The INCS-CoE has its foundations in a 2018 cybersecurity collaboration that included UMBC, Keio University in Japan, and Royal Holloway University of London. That initial group has now formally expanded to include Northeastern University, Kyushu University in Japan, and Imperial College London.

The INCS-CoE will support the efforts of the participating universities as they work together to address cybersecurity challenges facing society. The collaboration focuses on cybersecurity for critical national infrastructures including information technology, public transit, and financial services. Additionally, the Center of Excellence will include research, advocacy, and education components.

“Trust is one of the key pillars for a free and interconnected world, for commerce and for exchange of information, be it in the real world or in the digital world,” says Karl V. Steiner, UMBC’s vice president for research. “In order for machines to communicate well with each other, we need to put in place policies and technologies that establish a trust basis.”

He explains, “The INCS-CoE is built on a similar strong layer of trust among six institutions from three different continents. This first-of-its-kind global Center of Excellence will enable us to rapidly exchange ideas and find solutions to developing issues in an increasingly networked world.”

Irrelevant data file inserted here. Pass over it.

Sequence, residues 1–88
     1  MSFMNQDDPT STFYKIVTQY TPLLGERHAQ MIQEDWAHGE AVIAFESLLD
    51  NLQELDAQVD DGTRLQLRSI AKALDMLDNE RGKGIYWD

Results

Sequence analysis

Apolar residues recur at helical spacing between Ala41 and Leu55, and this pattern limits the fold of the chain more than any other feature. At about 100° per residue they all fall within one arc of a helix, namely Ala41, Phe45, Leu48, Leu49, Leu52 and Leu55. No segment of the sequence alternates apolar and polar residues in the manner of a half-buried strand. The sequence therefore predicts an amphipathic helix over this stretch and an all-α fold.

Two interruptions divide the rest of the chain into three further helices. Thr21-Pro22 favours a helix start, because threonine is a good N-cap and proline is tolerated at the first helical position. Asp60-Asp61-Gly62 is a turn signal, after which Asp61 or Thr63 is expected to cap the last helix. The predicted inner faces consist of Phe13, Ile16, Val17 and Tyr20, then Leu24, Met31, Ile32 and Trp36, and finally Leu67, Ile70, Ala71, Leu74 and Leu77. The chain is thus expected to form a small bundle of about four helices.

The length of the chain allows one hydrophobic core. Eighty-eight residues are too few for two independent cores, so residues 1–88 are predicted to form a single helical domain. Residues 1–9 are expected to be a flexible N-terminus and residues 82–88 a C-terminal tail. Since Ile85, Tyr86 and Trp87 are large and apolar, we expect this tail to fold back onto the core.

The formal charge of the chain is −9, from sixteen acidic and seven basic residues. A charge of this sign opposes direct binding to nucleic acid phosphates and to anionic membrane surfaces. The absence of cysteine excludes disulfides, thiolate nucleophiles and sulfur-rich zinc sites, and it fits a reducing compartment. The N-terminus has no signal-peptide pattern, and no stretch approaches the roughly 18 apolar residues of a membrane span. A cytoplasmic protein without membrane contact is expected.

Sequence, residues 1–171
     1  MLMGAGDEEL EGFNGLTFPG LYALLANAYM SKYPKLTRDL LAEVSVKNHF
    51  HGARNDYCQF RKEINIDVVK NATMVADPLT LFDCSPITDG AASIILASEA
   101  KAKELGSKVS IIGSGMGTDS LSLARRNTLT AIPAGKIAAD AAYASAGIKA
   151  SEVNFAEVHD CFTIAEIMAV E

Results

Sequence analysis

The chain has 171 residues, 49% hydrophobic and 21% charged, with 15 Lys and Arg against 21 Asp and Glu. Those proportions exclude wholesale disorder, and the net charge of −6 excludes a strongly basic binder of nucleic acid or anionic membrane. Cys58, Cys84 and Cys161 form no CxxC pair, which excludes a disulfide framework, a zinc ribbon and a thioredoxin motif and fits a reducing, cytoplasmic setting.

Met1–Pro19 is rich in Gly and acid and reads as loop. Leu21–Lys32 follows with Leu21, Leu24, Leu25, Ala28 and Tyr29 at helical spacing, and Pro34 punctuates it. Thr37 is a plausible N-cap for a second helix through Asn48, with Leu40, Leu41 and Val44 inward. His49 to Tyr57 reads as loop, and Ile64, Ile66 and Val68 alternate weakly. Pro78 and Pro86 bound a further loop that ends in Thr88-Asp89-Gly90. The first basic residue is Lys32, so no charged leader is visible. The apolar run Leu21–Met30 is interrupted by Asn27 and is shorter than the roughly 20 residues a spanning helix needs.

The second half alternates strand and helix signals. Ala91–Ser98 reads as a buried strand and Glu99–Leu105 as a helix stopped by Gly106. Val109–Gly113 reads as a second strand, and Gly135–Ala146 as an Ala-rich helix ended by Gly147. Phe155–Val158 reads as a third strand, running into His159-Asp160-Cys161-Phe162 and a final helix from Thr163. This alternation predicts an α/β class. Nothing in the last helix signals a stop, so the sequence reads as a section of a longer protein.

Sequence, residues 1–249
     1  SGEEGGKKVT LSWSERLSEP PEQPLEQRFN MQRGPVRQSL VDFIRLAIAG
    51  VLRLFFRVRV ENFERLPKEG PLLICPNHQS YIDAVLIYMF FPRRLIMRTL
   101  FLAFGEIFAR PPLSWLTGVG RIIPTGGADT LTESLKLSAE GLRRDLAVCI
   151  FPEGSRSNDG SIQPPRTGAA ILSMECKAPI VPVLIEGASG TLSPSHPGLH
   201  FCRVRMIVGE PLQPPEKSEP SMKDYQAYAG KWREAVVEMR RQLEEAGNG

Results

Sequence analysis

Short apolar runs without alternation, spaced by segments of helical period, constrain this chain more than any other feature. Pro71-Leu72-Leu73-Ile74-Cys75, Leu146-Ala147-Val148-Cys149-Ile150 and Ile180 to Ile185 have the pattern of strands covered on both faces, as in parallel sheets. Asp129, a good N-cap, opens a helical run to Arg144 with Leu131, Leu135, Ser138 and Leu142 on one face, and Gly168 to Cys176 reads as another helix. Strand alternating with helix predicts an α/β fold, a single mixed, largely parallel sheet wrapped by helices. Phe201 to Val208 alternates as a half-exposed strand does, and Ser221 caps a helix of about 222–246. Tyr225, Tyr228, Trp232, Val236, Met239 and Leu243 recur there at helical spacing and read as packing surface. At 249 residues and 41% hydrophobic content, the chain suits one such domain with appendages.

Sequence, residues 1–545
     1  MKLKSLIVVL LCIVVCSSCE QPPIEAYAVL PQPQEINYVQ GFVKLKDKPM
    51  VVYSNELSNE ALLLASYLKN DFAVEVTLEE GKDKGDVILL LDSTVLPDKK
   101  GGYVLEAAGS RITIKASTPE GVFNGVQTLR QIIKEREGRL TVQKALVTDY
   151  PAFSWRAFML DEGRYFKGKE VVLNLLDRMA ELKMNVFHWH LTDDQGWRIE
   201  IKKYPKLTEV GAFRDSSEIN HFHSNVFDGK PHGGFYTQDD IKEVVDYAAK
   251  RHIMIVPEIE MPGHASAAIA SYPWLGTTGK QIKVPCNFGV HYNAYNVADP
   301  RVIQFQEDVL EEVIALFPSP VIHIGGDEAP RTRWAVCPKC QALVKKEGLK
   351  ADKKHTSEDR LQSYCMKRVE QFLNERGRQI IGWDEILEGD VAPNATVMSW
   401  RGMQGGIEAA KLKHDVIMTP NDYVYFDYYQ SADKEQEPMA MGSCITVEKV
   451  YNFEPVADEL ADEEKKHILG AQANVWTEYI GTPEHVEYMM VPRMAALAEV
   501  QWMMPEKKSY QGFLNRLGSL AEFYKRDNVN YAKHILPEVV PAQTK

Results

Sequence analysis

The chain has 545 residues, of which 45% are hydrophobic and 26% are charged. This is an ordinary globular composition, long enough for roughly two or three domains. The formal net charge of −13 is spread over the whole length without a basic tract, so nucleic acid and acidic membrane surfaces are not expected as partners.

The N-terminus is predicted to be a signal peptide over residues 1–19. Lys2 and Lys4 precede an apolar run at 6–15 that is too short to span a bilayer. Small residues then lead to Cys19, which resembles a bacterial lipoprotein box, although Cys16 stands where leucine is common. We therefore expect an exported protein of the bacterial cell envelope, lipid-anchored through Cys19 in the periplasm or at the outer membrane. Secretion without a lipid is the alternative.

In the future, INCS-CoE may expand to include government and corporate partners, says Steiner.

“The challenges this first-of-its-kind partnership aims to solve span a complex set of cybersecurity issues,” said David Luzzi, senior vice provost for research at Northeastern.

Each academic institution has specific strengths and areas of expertise that they bring to the partnership. UMBC’s Center for Cybersecurity and Center for Accelerated Real Time Analytics will be instrumental in contributing to INCS-CoE’s goals for UMBC.

Learn more about the INCS-CoE.

Adapted from a UMBC News article by Megan Hanks, photo by Marlayna Demond ’11 for UMBC.